‘Archival description using the new international standards’ at the University of Liverpool
Sixteen members of the Catholic Archives Society, including both diocesan archivists and members of religious orders attended Liverpool University’s School of Archive Studies for a training day. The purpose of the day was to explain and give a little practice in using the International standards ISAD(G) [International Standards Archival Description 2nd Edition Ottawa, 1999] and ISAAR(CPF) [Standard Archival Authority Record for Corporate Bodies, Persons and Families Ottawa, 1996]
The choice of speaker was a good one, for Dr Michael Cook was a former member of the Commission on Archival Description of the International Council on Archives.
He is also a long standing member of the Catholic Archives Society. In the morning session he explained the principles and rules embodies in ISAD(G) and TSAAR, pointing out that at last there is public recognition of the need for archives, especially by the Government. In the 1950s, the use of archives was minimal but by the 1970s and 1980s the demand was becoming overwhelming. The advent of computers means that access to archives is becoming completely revolutionised and consequently requires a well thought out strategy. To be at all effective, this needs both national and international recognition and implementation. Electronic networking means that universities, the National Register of Archives and the Public Record Office, to mention the UK alone, can be interlinked. Any archive collection can be part of this network, but there are two basic requirements – uniformity and a basic structure. This is where standards for archival description come in. Once adopted, to becomes possible to join any of these networks.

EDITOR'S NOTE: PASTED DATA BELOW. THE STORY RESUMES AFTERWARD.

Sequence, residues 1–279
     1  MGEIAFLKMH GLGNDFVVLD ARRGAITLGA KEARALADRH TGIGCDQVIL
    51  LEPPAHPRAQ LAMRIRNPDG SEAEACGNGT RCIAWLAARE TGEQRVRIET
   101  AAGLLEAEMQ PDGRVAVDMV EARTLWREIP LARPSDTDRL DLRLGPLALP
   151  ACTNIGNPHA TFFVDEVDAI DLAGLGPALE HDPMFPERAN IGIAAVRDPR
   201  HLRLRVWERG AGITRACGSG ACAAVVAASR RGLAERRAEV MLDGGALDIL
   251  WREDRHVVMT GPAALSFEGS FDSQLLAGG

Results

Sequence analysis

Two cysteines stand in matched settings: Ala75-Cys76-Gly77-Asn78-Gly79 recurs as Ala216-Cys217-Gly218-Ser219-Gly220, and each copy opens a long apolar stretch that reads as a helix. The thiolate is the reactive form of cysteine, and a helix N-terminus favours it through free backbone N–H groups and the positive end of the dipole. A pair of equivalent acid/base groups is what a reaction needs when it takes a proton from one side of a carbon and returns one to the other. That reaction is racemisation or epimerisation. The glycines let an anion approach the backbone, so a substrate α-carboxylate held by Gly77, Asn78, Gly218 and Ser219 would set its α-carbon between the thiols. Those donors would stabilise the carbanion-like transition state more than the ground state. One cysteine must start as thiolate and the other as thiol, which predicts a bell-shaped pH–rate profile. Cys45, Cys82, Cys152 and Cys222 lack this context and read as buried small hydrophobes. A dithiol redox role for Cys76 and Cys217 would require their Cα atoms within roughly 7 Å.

Dr Cook went on to look at the technique of description of ISAD(G) more closely, explaining that a multi level description has to follow certain rules:
– description from the general to the specific
– information relevant to the level of description
– and non-repetition of information
There followed a workshop, when participants had the opportunity to try out the standards for the description of their own archives. After lunch, we looked at ISAAR(CPF) more closely. The concept of authority control, embodied in ISAAR(CPF), foreign to archivists until now, means that any entries in a catalogue should conform to rules already established. The penalty for not using any form of authority control, said Dr Cook, was a mess!
An authority system requires:
– rules for composing entries
– an authority file of authorised terms
– and authority entries headings
We were then introduced to the Archives Hub, which provides a single point of access to descriptions of archives held in UK universities and colleges, the descriptions being primarily at collection level. Currently there are fifteen repositories contributing to the Hub. This should extend to over thirty during the current year, with an estimated 18,000 records. A simple introductory pamphlet describing this “Searching the Archives Hub” is available from Archives Hub, l\1IMAS, Manchester Computing, University of Manchester, Oxford Road, MANCHESTER M13 9PL or try http://www.archiveshub.ac.uk
The day concluded with a demonstration of how to enter data into the Archives Hub using the standard EAD (Encoded Archival Description). It was generally felt that it had been a very valuable training day, which gave us confidence to be more professional in our approach to our archives and gave us ideas, which would help us launch into a database. Altogether, lots of energy was generated and the serious discussion was interspersed with much laughter.